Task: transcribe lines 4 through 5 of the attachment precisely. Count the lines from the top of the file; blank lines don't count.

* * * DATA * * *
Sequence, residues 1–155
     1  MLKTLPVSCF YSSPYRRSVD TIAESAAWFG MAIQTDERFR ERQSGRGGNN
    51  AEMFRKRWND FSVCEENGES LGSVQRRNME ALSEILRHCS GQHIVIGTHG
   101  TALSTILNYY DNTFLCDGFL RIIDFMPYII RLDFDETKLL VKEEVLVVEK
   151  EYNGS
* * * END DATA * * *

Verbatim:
   101  TALSTILNYY DNTFLCDGFL RIIDFMPYII RLDFDETKLL VKEEVLVVEK
   151  EYNGS